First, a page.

Many companies and platform operators are concerned about finding security holes – but a suitable tool has been around for a long time: Bug Bounty Programme & Vulnerability Assessments. No matter whether it is an online platform or any other digital product. A bug bounty program serves to motivate people to search for software vulnerabilities and report them to the company in question instead of exploiting or selling them. The company affected by the vulnerability pays a “bounty” for this. This can be expensive, of course, depending on the amount of money paid out.
Often the rewards for finding a vulnerability range from USD 1,000 – 200,000. Also the finding of small security holes or information leaks is rewarded. Usually you will receive at least 50 USD. A regular audit by the security community is a good way to find and fix vulnerabilities. Bug bounty programs are firmly established. So there are always hints in the guidelines about what is paid for and what is not.
Bug bounty programs can be run on various platforms.
The Bug Bounty Programs of HackerOne and Bugcrowd have been established platforms for the detection of security vulnerabilities by the community for years. However, before a product runs through a program, a Vulnerability Assessment should have taken place. This usually reveals as many vulnerabilities as possible – without ultimately stealing data. The vulnerabilities are then weighted according to the potential risk.
Pentest and Bug Bounty – what is the difference?
In a bug bounty program, the scope of the test can be defined and the products can be reviewed by an active community. In contrast to a penetration test, the search for security vulnerabilities is set up within a Bug Bounty Program with a smaller scope. Those who are free to search for security holes have stronger restrictions on what may and may not be done. A pentest, on the other hand, is a targeted attack in which a system release is made beforehand and the company carrying out the test is freed from the “hacker paragraphs“.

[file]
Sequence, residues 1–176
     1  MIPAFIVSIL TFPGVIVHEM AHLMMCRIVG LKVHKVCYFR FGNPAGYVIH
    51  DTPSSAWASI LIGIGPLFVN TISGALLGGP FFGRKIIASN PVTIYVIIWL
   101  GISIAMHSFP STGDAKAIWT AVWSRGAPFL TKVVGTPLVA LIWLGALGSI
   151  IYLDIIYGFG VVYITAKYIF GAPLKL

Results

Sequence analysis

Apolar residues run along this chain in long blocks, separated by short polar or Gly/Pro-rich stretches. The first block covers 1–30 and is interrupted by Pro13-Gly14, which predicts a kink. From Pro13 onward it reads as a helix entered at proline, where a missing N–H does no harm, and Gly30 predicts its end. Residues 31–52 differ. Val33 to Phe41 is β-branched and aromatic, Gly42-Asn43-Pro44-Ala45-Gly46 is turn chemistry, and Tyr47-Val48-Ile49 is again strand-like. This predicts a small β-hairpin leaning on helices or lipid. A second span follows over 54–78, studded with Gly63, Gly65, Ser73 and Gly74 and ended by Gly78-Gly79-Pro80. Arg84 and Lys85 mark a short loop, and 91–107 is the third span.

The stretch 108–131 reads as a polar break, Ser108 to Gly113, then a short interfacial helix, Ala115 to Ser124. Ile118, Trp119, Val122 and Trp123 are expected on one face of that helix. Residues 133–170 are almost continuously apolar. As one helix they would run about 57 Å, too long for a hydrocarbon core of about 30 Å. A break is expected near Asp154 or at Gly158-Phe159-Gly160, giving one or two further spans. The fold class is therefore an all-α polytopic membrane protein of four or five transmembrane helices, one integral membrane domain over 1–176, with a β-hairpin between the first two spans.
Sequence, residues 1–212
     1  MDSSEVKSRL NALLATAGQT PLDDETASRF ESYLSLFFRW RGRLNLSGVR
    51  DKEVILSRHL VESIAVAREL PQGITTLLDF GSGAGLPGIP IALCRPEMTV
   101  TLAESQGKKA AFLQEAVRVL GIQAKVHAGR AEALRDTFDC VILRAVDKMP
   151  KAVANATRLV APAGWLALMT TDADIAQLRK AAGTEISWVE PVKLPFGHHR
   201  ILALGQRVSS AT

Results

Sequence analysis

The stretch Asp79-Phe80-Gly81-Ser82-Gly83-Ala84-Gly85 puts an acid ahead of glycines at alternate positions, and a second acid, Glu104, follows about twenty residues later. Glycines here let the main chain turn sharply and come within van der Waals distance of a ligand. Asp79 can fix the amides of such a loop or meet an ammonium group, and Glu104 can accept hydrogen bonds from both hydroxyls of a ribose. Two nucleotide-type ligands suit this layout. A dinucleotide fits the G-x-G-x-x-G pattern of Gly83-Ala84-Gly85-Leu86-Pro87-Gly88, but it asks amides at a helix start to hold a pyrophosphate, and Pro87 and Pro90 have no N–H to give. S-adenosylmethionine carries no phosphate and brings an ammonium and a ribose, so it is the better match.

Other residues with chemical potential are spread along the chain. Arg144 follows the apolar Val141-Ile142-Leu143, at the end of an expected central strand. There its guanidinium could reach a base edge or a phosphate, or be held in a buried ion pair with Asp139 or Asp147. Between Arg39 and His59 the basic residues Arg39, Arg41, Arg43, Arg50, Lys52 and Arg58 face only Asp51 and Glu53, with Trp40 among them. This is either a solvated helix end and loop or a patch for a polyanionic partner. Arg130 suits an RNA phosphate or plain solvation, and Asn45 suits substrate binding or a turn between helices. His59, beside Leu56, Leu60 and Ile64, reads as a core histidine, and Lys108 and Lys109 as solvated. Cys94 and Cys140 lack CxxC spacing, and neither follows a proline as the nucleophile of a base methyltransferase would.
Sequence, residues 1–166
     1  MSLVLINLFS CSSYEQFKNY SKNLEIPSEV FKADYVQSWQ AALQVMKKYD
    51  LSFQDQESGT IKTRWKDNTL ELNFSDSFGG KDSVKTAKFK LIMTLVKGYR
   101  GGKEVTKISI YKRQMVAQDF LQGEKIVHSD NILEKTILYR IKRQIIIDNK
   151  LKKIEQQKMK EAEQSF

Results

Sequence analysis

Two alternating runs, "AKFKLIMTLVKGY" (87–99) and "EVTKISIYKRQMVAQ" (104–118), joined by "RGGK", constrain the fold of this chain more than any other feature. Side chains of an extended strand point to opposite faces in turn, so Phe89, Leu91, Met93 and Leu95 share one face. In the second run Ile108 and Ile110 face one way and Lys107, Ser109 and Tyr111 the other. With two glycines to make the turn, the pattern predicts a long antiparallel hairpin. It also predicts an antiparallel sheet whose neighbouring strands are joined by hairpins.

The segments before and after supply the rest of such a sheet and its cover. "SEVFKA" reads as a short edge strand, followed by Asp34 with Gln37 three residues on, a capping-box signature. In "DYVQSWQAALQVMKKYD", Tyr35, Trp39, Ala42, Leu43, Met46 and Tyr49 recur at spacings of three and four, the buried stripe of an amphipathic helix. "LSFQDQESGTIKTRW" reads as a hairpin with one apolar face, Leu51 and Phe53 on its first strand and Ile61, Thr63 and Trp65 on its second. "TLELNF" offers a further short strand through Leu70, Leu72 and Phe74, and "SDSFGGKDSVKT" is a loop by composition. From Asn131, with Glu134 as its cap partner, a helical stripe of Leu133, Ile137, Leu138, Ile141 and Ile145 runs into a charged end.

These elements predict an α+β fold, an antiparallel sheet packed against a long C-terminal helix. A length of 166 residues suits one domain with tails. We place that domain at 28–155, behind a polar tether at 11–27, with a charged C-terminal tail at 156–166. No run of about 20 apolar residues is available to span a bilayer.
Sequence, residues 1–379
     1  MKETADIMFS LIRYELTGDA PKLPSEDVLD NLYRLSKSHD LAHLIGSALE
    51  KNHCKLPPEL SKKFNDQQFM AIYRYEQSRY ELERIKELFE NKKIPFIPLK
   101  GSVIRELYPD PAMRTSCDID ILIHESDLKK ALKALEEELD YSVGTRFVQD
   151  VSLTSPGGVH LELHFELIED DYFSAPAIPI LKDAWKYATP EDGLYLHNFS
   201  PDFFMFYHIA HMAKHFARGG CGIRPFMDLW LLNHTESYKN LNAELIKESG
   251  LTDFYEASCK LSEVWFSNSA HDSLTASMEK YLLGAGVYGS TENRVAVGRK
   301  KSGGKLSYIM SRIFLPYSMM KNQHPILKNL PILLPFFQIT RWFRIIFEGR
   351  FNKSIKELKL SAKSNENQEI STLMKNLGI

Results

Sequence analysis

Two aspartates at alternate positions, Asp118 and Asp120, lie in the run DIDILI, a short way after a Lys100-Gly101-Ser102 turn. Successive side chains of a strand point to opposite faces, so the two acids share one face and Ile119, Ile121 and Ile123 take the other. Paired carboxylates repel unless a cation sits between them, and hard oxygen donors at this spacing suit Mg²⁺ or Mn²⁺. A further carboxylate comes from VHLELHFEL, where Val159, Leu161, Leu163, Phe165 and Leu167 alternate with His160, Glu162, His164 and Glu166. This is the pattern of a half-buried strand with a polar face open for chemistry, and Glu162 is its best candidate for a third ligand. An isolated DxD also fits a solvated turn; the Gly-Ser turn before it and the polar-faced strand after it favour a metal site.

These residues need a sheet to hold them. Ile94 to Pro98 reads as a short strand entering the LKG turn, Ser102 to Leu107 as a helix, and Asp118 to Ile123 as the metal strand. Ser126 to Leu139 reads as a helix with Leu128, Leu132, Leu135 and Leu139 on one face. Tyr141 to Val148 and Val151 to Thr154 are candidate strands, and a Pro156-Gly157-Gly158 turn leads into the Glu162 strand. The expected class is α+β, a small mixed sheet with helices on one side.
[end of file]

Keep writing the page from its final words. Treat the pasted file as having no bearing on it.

Another difference is that Bug Bounty Hunter usually works alone, while the professional execution of a penetration test is performed by a team. Bug Bounty Hunting, however, makes use of the swarm intelligence of the hacker community. Different testers use different, partly self-developed tools. Thus applications are tested from a different perspective. This increases the probability of discovering further security holes. Often automated scanners are used to detect vulnerabilities. However, there is an extensive selection of Hacker Tools.
Bug bounty programs contribute to IT security culture
Headlines about data theft are very common. Vulnerability reporting programs can pre-empt those who exploit the vulnerabilities. Headlines such as:
- Electronic sender Pollin hacked, data used for phishing
- 200 million Yahoo accounts on darknet
are just two examples. The Google program is one of the oldest and most successful of its kind. The search engine company has long been one of the companies that pays for the discovery of security holes. In nerd style, Google pays $1,337 for one security hole or another. In 2019, Google paid out a total of 6.5 million USD to security researchers. The highest amount paid out was USD 201,337 and went to Guang Gong of Alpha Lab. Here an exploit chain was discovered on a Google Pixel 3. This could have been used by criminals to execute malicious code on a mobile phone. Every single maliciously exploited vulnerability could have cost this amount – especially if the loss of reputation is taken into account.
For quite some time Apple “only” paid up to 200,000 USD for security holes. On the black market these were often sold for considerably more money. In the meantime the iGroup has adjusted the values. For a “Zero-Click kernel Code execution with persistence and kernel PAC bypass” Apple pays up to 1,000,000 USD. But also Facebook and many other internet companies offer extensive programs to report security holes. In addition to the large American corporations, numerous companies in this country also offer a bug bounty program. One of them is the Telecom.